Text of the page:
Anoar 2021 Front Neurosci

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Anoar S, Woodling NS, Niccoli T (2021) Mitochondria dysfunction in frontotemporal dementia/amyotrophic lateral sclerosis: lessons from Drosophila models. Front Neurosci 15:786076. https://doi.org/10.3389/fnins.2021.786076

Β» PMID: 34899176 Open Access

Anoar S, Woodling NS, Niccoli T (2021) Front Neurosci

Abstract: Frontotemporal dementia (FTD) and amyotrophic lateral sclerosis (ALS) are neurodegenerative disorders characterized by declining motor and cognitive functions. Even though these diseases present with distinct sets of symptoms, FTD and ALS are two extremes of the same disease spectrum, as they show considerable overlap in genetic, clinical and neuropathological features. Among these overlapping features, mitochondrial dysfunction is associated with both FTD and ALS. Recent studies have shown that cells derived from patients' induced pluripotent stem cells (iPSC)s display mitochondrial abnormalities, and similar abnormalities have been observed in a number of animal disease models. Drosophila models have been widely used to study FTD and ALS because of their rapid generation time and extensive set of genetic tools. A wide array of fly models have been developed to elucidate the molecular mechanisms of toxicity for mutations associated with FTD/ALS. Fly models have been often instrumental in understanding the role of disease associated mutations in mitochondria biology. In this review, we discuss how mutations associated with FTD/ALS disrupt mitochondrial function, and we review how the use of Drosophila models has been pivotal to our current knowledge in this field.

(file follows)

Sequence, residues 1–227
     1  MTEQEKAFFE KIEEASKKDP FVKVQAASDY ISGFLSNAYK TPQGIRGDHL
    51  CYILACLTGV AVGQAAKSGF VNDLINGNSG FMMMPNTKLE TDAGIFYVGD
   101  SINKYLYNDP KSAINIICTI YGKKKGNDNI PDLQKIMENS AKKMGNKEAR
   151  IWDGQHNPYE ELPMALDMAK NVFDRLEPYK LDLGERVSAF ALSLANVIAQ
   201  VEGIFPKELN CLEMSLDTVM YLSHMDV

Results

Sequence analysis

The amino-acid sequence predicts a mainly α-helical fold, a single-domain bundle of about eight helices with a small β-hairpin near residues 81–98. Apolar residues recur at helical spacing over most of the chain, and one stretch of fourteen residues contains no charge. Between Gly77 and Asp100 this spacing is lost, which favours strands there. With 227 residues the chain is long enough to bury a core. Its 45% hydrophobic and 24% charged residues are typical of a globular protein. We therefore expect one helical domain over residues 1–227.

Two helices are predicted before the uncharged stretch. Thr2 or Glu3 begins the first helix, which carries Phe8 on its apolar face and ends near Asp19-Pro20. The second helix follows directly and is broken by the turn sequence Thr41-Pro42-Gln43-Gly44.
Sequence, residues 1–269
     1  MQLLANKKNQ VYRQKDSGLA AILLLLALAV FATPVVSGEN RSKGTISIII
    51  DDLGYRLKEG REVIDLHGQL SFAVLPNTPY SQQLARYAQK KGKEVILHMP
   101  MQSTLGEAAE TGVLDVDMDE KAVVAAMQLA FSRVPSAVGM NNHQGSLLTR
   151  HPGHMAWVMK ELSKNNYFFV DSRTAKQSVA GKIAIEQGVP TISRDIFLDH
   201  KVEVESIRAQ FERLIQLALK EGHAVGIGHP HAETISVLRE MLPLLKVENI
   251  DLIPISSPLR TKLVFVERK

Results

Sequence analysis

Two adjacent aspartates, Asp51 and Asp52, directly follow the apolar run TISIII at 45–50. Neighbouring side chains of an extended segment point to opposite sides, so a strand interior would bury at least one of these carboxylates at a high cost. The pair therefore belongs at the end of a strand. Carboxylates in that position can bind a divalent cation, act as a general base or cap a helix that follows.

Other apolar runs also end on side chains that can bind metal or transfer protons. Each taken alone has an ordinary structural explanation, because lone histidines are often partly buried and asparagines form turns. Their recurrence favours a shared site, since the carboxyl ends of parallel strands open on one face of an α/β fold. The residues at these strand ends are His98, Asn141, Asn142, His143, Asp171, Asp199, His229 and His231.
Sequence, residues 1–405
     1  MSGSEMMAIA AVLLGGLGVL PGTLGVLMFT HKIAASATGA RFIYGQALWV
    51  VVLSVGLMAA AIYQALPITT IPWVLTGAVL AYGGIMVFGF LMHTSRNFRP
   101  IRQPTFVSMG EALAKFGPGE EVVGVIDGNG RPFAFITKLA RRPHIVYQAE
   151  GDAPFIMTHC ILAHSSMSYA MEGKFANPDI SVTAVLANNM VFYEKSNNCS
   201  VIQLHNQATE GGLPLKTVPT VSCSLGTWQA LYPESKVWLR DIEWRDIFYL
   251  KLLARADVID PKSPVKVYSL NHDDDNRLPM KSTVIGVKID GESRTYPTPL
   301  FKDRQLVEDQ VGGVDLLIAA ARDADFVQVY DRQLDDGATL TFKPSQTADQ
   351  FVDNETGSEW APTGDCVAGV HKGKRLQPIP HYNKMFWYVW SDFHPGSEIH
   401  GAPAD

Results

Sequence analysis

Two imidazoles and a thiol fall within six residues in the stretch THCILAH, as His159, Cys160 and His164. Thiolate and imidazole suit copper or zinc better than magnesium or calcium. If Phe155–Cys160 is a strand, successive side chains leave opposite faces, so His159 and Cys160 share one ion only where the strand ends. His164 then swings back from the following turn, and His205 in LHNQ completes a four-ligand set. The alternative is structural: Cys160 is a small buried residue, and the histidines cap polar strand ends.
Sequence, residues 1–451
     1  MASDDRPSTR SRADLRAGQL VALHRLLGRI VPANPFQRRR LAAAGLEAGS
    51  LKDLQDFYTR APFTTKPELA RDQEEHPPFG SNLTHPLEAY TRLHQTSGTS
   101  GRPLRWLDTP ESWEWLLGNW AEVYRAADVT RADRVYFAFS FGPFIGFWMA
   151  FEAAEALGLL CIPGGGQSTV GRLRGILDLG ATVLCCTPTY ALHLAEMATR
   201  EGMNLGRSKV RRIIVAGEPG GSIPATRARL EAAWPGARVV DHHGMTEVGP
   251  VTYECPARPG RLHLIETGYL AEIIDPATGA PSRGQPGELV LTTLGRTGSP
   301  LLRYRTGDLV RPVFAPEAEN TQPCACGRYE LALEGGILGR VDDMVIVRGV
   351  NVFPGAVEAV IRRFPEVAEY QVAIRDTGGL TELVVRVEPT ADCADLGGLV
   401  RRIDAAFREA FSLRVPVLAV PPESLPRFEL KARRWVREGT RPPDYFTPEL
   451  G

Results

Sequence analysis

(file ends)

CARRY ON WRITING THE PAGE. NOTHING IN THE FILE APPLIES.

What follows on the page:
β€’ Bioblast editor: Gnaiger E

Anoar 2021 Front Neurosci CORRECTION.jpg

Correction: FADH2 and Complex II

Ambiguity alert.png
FADH2 is shown as the substrate feeding electrons into Complex II (CII). This is wrong and requires correction - for details see Gnaiger (2024).
Gnaiger E (2024) Complex II ambiguities ― FADH2 in the electron transfer system. J Biol Chem 300:105470. https://doi.org/10.1016/j.jbc.2023.105470 - Β»Bioblast linkΒ«

Hydrogen ion ambiguities in the electron transfer system

Communicated by Gnaiger E (2023-10-08) last update 2023-11-10
Electron (e-) transfer linked to hydrogen ion (hydron; H+) transfer is a fundamental concept in the field of bioenergetics, critical for understanding redox-coupled energy transformations.
Ambiguity alert H+.png
However, the current literature contains inconsistencies regarding H+ formation on the negative side of bioenergetic membranes, such as the matrix side of the mitochondrial inner membrane, when NADH is oxidized during oxidative phosphorylation (OXPHOS). Ambiguities arise when examining the oxidation of NADH by respiratory Complex I or succinate by Complex II.
Ambiguity alert e-.png
Oxidation of NADH or succinate involves a two-electron transfer of 2{H++e-} to FMN or FAD, respectively. Figures indicating a single electron e- transferred from NADH or succinate lack accuracy.
Ambiguity alert NAD.png
The oxidized NAD+ is distinguished from NAD indicating nicotinamide adenine dinucleotide independent of oxidation state.
NADH + H+ β†’ NAD+ +2{H++e-} is the oxidation half-reaction in this H+-linked electron transfer represented as 2{H++e-} (Gnaiger 2023). Putative H+ formation shown as NADH β†’ NAD+ + H+ conflicts with chemiosmotic coupling stoichiometries between H+ translocation across the coupling membrane and electron transfer to oxygen. Ensuring clarity in this complex field is imperative to tackle the apparent ambiguity crisis and prevent confusion, particularly in light of the increasing number of interdisciplinary publications on bioenergetics concerning diagnostic and clinical applications of OXPHOS analysis.

Labels: Pathology: Neurodegenerative 

Organism: Drosophila 


Enzyme: Complex II;succinate dehydrogenase 




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